By Paul Krainak
The Kohler Art Center in Sheboygan, Wisconsin would be distinguished enough if it had only remained focused on the folk art and craft of regional artists. Wisconsin has a sizable population of visionary artists and crafters and the Center’s attention to local history is remarkable and enduring. The “art & industry” sensibility of Kohler, notable in part by its visiting artists program at its manufacturing center, underscores a significant spirit of aesthetic collaboration. On June 26th the chronological dimension and cultural mission increases exponentially.
The “Art Preserve,” a 40 million dollar, 56,000 sq. ft. exhibition facility, designed by the Denver architectural firm Tres Birds Workshop, will open to feature the museum’s permanent collection of art environments. Art environments specifically refer to the production of public and semi-public permanent installations, some of which ultimately fall into disrepair if not for enlightened patronage by communities or institutions. A series of striking exhibitions, organized for the museum inauguration, include selections from collage and fiber artist Lenore Tawney, Fred Smith’s Wisconsin Concrete Park, the Nek Chand’s rock garden kingdom of sculptures, and the myth-making garden sculptor Mary Nohl. The Art Preserve is the world’s first institution dedicated to such work and has the largest collection by trained and self-taught artists.
The new facility is the latest stage of commitment to visionary artists and vernacular design traditions and it expands a constituency for an intensely independent, often misunderstood and underestimated studio practice. The Center’s raison d’être of advancement and research on vernacularism and craft, is not merely an addendum to contemporary art, but a reasoned critique of the artworld’s circumscribed discourse on aesthetics and identity.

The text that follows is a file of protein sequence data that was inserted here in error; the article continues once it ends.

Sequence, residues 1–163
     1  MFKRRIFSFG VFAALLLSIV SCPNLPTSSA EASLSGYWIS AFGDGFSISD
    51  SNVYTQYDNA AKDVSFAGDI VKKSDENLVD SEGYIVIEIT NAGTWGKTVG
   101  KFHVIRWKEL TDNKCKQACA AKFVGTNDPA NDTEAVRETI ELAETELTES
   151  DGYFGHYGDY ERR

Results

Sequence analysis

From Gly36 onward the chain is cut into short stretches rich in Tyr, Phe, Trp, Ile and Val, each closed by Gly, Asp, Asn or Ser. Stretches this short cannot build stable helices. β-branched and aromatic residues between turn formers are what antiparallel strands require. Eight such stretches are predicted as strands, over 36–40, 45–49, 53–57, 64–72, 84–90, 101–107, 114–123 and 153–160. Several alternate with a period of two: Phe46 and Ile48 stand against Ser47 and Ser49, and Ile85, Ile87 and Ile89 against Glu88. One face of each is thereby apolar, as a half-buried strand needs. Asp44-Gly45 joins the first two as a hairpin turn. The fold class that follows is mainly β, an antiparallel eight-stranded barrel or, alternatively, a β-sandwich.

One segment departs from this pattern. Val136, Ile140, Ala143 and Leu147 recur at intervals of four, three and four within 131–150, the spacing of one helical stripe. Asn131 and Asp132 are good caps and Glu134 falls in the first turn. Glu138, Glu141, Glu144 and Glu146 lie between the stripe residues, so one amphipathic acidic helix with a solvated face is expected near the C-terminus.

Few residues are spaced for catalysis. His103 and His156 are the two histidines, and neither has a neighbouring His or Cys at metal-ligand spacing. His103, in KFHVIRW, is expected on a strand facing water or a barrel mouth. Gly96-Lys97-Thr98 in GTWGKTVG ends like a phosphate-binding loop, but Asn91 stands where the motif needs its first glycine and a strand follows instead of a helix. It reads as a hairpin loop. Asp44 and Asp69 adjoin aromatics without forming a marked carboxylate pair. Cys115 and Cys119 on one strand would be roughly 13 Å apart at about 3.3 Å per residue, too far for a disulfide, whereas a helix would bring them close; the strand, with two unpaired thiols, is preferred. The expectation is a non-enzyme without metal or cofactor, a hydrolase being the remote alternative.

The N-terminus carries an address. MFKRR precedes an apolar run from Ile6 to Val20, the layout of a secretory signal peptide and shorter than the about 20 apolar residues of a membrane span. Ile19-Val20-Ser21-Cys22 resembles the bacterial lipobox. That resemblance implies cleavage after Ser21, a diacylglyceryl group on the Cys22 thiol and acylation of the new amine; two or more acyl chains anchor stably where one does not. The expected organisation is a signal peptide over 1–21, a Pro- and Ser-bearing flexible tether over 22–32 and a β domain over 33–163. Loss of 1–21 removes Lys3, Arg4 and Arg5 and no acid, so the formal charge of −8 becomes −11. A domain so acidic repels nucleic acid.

The Kohler Center was founded in 1967 and its reputation as one of the most innovative and unconventional museums in the country has been constant. For almost it’s entire history the center was run by the late Ruth De Young Kohler, granddaughter of the ceramic industrialist John Michael Kohler. She took the institution from a small craft-focused project in the late 60’s to today’s complex research, production and collaborative organization with a theme that to some may seem niche. The degree of rigorous examination and scholarly publications produced under her leadership, not to mention exhibitions that express the range of radically distinctive artists, is also uncommon.
In 2016, Ruth Kohler stepped away from the directorship to concentrate on making the Art Preserve a reality. In her new role as director of special initiatives, she worked with the incoming director Sam Gappmayer, the board of directors, and Tres Birds architects in the design of the new facility. Tres Birds was selected because it has a deep investment in the social and historical presence of artmaking and a commitment to sustainable building and business practices. Construction began in 2018 but was delayed by the Covid pandemic. This month Kohler’s vision will welcome its first visitors. Unfortunately, Ruth Kohler’s passing in the Fall of 2020 prevented her from witnessing all the fruits of her labor.